The decision strikes a blow to all Huobi users, some of whom will moreover be prevented from withdrawing their tokens for as long as 36 hours if the exchange’s assessment system judges them to be at particularly high risk. Huobi has said the move forms part of its attempt to “gradually introduce a number of risk control strategies encompassing a larger section of users.” It adds that it expects the delay to “effectively avoid user losses caused by the inflow of risky funds and protect the safety of users’ assets.”
Notably, Huobi had been implementing a narrower version of this measure since August last year, when it first imposed a token withdrawal delay of up to 36 hours on specific, higher-risk users.
The new, more comprehensive initiative seems to align squarely with Beijing’s ongoing and multi-pronged crackdown on the country’s cryptocurrency investors, which has recently targeted the mining sector, banking services and crypto’s online footprint. In response to these restrictions, a large volume of crypto trading in the country has shifted to the OTC market, which is relatively unregulated and ensures that the transfer of fiat currency does not take place directly on exchanges’ trading desks.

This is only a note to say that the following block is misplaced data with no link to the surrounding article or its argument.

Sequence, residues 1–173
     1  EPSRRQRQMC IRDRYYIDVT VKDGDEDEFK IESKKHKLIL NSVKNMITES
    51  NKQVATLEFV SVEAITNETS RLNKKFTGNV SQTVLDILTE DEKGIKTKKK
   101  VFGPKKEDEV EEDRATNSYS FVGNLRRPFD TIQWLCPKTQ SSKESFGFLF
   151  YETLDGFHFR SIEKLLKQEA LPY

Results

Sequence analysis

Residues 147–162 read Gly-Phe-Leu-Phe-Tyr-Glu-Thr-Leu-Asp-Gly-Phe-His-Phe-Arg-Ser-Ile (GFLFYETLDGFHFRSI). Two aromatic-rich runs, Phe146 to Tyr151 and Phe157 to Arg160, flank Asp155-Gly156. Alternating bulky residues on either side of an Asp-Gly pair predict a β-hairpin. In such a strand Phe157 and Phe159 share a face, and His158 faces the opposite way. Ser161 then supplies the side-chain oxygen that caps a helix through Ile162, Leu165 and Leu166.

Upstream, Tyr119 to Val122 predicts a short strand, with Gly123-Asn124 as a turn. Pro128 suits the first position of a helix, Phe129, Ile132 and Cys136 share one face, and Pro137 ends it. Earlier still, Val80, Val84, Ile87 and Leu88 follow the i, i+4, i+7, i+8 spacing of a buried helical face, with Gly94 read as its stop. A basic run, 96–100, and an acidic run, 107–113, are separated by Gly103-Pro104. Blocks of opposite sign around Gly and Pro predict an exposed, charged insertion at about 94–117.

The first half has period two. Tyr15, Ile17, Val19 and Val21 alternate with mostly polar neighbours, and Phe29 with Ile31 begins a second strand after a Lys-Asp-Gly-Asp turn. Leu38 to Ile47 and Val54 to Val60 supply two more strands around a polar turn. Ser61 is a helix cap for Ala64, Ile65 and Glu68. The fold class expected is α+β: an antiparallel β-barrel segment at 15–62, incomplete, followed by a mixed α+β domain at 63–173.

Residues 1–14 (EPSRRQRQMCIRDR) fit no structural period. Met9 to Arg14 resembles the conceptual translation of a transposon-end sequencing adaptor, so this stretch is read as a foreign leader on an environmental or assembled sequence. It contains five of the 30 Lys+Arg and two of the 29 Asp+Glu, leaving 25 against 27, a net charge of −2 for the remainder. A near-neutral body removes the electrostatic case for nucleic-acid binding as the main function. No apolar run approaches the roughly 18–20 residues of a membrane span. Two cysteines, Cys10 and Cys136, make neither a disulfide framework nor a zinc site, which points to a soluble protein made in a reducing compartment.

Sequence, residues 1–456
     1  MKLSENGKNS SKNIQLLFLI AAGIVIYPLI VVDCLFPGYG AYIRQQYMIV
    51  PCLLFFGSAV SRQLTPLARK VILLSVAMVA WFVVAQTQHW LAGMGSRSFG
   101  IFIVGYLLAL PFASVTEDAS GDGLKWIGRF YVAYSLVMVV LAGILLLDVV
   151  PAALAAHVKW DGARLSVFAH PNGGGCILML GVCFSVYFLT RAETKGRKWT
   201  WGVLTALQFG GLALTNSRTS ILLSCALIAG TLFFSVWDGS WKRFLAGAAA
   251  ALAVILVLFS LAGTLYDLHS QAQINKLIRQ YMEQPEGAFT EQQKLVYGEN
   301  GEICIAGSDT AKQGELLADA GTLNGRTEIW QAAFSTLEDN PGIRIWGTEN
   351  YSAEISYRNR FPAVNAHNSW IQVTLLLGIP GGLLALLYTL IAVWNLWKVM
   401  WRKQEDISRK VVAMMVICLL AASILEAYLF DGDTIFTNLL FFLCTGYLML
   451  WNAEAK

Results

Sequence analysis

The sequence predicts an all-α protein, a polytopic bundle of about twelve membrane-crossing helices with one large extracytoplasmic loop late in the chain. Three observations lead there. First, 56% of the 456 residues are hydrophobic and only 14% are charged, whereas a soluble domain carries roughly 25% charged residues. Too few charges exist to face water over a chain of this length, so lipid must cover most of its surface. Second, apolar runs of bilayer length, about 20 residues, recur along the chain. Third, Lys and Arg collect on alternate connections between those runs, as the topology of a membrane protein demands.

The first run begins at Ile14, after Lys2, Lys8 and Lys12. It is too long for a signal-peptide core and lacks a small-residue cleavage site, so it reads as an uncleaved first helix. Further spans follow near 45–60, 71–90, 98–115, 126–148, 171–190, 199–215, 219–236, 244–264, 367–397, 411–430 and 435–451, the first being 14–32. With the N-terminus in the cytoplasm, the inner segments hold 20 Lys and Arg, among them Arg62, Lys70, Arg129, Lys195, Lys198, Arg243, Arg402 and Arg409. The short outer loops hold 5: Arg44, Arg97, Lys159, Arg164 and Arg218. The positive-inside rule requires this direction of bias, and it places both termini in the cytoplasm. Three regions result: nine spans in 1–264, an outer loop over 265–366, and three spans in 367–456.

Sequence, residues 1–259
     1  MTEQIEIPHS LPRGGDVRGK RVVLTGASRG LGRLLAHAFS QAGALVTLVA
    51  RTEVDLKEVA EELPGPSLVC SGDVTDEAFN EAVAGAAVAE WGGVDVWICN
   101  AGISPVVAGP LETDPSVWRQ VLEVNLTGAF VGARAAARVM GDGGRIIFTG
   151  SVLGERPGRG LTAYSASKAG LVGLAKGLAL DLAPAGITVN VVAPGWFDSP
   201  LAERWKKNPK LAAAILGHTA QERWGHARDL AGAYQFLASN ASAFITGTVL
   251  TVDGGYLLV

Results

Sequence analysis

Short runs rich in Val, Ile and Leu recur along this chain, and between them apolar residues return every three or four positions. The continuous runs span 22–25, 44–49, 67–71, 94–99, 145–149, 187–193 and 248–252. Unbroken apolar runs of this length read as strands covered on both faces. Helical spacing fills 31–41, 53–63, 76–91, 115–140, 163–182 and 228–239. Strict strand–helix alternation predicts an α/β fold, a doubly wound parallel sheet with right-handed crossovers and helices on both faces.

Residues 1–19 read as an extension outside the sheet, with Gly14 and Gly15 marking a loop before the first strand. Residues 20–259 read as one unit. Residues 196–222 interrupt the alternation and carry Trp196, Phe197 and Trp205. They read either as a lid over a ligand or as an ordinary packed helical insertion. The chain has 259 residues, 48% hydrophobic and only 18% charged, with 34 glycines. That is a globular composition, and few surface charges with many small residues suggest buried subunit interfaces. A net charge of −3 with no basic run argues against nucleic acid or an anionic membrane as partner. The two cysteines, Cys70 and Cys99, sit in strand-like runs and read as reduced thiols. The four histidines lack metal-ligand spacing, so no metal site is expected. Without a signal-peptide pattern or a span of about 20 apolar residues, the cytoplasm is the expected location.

High levels of activity on the OTC market during regulatory clampdowns are an established pattern in China: back in 2017, when Beijing first took action against crypto exchanges, investors had similarly adapted by making the shift to OTC trades. Huobi itself first rolled out its OTC service in Nov. 2017 amid a series of ever-tighter restrictions on crypto trading in the country.
Today’s news goes against some analysts’ predictions, who had expected Beijing to take a lighter-touch approach to OTC trading given that the sector is judged to pose lower capital flight risks than regular exchanges. Yet the South China Morning Post today reported that the OTC sector is perceived by the authorities to be a gateway for both capital outflows and money laundering, as well as a spur to high volatility in the crypto markets.
Late last month, Huobi updated its user agreement document, banning crypto derivatives trading for all existing customers in China and a host of other jurisdictions. Earlier in June, the platform had already intervened to prevent new users from trading derivatives in parallel to reducing the allowable trading leverage from 125x to less than 5x.